A More Accessible Inversion


The beauty of going upside down is a fresh perspective. For many of us, however, going upside down can seem pretty intimidating.

One of my favorite ways to teach people to go upside down involves the aid of three yoga blocks and a wall. It’s fun, supportive, and a lot less scary than attempting a headstand or headless headstand in the middle of the room. Practicing with the blocks allows you to remain supported and to gradually work toward moving your feet away from the wall.

One of my favorite ways to teach people to go upside down involves the aid of three yoga blocks and a wall.

If you’re practicing at home, make sure you practice by a wall in a big open space with nothing directly behind, beside, or above you that could obstruct your inversion.

To set up, first place the short edge of your yoga mat against the wall.

Next, set up your three blocks so they can support your upper back: Put the first block about an inch or so away from the wall, with its tallest and most narrow side facing the wall. Then stack the other two blocks on top of the first—both at their lowest heights, with their shortest ends flush with the wall. (I like to call this a “Stonehenge setup.”) Note that while the top two blocks are touching the wall, there’s a space between the bottom block and the wall.

Begin on your hands and knees in front of the block setup. Then, come onto your forearms and wrap your fingertips around the bottom block. Make sure your elbows are underneath your shoulders. Bring the back of your head to touch the bottom block (the crown of your head can either rest lightly on the floor, or for a headless headstand, hover completely off the floor).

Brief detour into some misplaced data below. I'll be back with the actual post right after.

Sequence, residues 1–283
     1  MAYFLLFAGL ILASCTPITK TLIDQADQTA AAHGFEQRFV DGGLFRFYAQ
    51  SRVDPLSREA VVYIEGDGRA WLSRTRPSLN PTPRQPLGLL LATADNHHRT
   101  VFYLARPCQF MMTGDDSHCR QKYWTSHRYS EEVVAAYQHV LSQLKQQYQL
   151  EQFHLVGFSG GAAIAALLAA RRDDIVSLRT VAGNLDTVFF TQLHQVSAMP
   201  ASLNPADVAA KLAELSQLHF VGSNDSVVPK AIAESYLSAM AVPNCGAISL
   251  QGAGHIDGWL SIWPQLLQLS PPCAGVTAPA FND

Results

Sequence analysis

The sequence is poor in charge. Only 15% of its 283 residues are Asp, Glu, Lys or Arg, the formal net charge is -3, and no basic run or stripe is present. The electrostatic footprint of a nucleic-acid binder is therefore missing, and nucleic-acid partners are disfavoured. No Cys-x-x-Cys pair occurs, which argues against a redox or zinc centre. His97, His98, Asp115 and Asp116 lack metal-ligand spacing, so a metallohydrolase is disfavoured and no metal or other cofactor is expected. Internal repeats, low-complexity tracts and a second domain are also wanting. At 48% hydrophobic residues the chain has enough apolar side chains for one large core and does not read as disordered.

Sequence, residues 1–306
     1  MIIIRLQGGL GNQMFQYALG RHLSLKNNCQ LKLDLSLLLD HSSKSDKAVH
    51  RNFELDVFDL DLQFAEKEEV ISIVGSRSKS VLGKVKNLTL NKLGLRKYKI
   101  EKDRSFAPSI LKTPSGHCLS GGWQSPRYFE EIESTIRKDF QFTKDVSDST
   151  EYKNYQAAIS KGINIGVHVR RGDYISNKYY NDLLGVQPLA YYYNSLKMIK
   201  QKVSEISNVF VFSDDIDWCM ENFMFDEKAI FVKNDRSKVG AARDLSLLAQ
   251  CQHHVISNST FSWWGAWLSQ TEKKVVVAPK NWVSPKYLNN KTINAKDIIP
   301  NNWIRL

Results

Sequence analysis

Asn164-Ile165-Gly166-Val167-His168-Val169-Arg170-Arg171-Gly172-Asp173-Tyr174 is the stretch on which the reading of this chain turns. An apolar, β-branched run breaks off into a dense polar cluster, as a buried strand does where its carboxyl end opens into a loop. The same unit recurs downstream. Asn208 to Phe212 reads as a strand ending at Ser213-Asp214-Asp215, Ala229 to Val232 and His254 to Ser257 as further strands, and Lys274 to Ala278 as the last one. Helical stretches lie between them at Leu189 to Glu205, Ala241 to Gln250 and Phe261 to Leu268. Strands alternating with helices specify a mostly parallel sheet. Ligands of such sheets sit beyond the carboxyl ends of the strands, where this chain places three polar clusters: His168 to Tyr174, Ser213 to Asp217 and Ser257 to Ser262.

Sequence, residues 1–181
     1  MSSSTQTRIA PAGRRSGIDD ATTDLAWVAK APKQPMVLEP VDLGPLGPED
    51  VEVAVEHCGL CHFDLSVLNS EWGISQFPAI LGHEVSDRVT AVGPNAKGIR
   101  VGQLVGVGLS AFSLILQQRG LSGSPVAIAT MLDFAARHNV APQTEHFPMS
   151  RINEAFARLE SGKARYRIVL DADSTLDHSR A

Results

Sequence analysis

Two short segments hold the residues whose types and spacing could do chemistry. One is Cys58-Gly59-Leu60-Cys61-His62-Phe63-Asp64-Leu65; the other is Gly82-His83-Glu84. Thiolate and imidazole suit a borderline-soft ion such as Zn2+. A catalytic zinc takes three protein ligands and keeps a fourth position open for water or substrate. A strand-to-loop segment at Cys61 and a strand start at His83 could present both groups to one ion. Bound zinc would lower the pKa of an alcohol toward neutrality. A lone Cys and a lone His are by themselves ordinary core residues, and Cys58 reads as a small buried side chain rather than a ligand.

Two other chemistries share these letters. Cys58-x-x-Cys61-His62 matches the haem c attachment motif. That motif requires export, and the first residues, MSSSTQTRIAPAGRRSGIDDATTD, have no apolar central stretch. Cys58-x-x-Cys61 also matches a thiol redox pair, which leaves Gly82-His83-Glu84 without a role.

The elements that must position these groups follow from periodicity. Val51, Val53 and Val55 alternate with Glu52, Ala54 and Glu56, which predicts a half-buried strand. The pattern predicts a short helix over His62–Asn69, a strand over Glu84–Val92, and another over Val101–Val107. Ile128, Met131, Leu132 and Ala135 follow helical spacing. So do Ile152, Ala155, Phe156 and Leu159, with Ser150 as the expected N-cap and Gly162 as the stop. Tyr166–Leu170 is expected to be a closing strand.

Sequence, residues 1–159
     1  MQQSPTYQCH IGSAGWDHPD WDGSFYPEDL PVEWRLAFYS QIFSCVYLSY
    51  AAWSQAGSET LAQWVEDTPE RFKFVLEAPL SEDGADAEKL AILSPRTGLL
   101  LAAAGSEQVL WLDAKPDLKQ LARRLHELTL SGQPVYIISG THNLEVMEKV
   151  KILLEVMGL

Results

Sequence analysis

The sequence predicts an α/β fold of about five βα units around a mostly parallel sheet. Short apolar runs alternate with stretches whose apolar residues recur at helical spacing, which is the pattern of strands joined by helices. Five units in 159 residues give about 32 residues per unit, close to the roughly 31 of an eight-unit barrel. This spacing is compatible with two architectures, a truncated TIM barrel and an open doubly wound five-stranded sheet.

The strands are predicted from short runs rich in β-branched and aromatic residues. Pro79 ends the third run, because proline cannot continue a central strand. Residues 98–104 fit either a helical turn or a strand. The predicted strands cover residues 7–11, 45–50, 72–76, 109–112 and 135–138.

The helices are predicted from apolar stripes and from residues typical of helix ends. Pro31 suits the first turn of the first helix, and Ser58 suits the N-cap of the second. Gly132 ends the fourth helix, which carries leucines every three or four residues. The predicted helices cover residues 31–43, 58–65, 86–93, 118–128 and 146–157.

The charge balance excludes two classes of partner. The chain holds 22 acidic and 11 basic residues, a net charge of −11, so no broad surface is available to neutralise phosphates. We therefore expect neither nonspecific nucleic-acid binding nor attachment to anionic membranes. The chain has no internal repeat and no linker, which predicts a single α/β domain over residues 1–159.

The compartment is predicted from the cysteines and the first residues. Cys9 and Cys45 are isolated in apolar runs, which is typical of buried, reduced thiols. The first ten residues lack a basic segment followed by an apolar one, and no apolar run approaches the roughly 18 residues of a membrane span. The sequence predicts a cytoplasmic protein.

Tuck your toes under, and lift your knees off the floor—as you would if coming into downward facing dog or dolphin pose. Then, walk your feet forward (toward the wall) until you feel your upper back supported by the blocks.

Before continuing, press a ton of weight into your forearms (as if you’re pushing the floor away from you) so that there’s no (or very, very little) weight on your head. From here, lift one leg and float up, bringing both of your heels to touch the wall.

Pull the bottom block toward you to press the other two blocks against your back for support. Continue to push the floor away with your forearms so that there’s little or no weight on your head.

Once you find your balance, you can bring your feet away from the wall. To do so, hug your legs together, and reach up through your heels as you push down into your forearms.

When you’re ready to come down, simply draw one knee into your chest, and momentum will bring you down gently.

And voila! You’ve got a beautiful and accessible inversion!

Click for a video demonstration.

About the Teacher

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Dianne Bondy
Dianne Bondy is a social justice activist, author, accessible yoga teacher, and the leader of the Yoga... Read more